Knowingly twisting nature and assuming audiences won't care is one thing. But in a movie filled with (understandable or minor) continuity errors, the scene opening on Pride Rock and Simba's presentation is a serious problem. Not concerning the safety of Rafiki outstretching a newborn over a cliffs edge, either. No, the issue is with the location itself. As the remake's trailer proved, Pride Rock is one of the most iconic locales in Disney movie history. Which is a shame, since examining more than one shot of it reveals that the animators may not have been completely clear on how the writing of the movie described its placement.

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For the most part, the logic gaps can be dismissed as forgivable mistakes, like Mufasa telling Simba of the danger to be found in the lands which the light can not touch - located to their right. A location he later refers to as being to the north of Pride Rock, when it should be south. But you don't need a compass to enjoy the most absurd Pride Rock moment, which comes in the very first scene. Before Simba appears, Mufasa makes it known he is king by proudly standing on the very tip of Pride Rock, stretching out dozens of feet into nothing but air below him... before the aging, hunched Rafiki climbs inexplicably from the smooth underside of the rock, directly in front of Mufasa.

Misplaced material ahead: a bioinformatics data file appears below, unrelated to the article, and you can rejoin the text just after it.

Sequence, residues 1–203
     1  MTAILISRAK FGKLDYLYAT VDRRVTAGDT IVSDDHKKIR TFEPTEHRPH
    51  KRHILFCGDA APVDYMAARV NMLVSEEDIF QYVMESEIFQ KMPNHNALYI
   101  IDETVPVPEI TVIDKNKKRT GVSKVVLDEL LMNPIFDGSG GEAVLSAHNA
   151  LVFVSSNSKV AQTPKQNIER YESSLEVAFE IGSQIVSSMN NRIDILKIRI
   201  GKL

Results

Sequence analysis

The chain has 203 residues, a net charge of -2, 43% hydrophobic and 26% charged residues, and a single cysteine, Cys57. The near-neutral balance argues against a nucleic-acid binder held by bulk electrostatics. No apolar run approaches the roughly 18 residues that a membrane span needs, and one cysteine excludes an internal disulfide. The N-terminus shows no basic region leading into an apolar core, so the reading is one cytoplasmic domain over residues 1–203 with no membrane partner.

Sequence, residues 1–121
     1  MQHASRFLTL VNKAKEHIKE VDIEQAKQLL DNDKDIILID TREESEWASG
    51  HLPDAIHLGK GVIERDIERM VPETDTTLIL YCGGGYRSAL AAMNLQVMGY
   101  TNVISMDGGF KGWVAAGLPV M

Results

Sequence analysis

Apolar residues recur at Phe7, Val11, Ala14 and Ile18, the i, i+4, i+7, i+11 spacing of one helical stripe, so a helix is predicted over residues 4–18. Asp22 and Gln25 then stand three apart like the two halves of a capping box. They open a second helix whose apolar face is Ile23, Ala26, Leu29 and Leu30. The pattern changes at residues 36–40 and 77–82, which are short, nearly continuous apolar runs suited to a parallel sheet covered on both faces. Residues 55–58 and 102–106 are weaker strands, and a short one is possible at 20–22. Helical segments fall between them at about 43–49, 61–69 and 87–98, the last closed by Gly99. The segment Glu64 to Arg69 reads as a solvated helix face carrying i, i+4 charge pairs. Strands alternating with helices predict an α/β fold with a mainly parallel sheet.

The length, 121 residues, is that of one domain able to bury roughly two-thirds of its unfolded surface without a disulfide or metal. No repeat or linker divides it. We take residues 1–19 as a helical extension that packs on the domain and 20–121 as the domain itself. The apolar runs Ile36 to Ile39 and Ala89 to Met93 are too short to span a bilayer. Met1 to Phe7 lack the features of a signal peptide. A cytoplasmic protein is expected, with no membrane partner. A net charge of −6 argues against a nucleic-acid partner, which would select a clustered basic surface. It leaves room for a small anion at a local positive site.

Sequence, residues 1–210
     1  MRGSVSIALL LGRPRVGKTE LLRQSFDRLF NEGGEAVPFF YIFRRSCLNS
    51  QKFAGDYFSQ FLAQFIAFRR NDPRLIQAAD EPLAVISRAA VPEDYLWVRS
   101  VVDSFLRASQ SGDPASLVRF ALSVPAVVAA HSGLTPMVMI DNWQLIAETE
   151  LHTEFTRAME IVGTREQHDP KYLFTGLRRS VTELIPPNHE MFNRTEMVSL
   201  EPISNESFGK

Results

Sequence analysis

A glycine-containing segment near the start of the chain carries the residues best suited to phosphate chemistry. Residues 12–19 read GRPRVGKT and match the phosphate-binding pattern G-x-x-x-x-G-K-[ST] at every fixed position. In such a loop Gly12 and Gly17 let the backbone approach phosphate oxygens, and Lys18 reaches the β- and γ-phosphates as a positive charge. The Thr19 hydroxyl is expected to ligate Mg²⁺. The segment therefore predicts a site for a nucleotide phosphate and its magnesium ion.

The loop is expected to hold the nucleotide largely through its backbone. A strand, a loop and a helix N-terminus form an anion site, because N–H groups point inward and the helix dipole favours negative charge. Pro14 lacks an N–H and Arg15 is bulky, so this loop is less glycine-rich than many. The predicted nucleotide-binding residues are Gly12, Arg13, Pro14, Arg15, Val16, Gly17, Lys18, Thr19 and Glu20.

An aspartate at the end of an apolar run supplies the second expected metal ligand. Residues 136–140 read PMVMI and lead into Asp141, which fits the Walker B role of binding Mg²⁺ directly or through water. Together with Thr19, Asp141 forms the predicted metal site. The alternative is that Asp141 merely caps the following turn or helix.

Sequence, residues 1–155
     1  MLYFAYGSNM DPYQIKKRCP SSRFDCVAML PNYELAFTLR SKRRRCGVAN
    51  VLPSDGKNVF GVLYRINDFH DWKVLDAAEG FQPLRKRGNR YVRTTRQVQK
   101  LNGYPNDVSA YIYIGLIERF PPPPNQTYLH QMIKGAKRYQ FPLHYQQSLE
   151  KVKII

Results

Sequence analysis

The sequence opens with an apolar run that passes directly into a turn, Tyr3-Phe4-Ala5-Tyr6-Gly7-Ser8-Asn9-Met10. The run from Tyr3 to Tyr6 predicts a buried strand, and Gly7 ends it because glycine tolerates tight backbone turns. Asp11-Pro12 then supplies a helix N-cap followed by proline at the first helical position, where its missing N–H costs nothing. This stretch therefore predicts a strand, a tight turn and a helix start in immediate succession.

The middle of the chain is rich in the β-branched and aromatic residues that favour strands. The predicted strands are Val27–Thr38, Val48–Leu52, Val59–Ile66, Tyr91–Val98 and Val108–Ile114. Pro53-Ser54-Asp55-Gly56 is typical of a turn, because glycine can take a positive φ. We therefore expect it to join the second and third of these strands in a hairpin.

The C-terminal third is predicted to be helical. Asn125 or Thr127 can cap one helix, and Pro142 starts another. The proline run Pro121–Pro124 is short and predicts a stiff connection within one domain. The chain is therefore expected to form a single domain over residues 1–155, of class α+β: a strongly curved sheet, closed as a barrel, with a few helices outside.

When audiences notice the implication, and the establishing shots of Pride Rock before and after Rafiki's miraculous and unnecessary free climb, it makes for a good laugh. But it appears the Lion King remake will not be trying to explain the shot, but do what makes far more sense, and have Rafiki simply approach and ascend the naturally occurring earth ramp at the base of Pride Rock. Like the original, we'll assume Pride Rock faces north-west, allowing the sunrise to hit it as shown. In which case it makes sense for the same sunrise to strike Rafiki on his left side, approaching from the same direction as the ramp (with the more arid regions to the north, including those of the hyenas, visible behind him).

It certainly makes more sense than in the original Lion King, where Mufasa forgot which was north or south of Pride Rock. Or when Rafiki entered the movie in the first scene with the rising sun directly behind him, either. Again, these are details that might be missed by those not paying attention. But when the Disney die-hards try to get a mental image of the world in which The Lion King is set, they're flat-out errors that can't be explained away once noticed.

Thankfully, these are exactly the kind of animation and logic errors - understandable at the time - that Disney's new Lion King remake is keen not to repeat the second time around. That's the impression given by the teaser trailer, at least. So if fans would prefer to see Rafiki execute impossible feats of strength and athleticism completely off-screen, without comment... there's still reason to hope.

MORE: Why The 'Realistic' Lion King May Already Be Worse

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Source:gamerant.com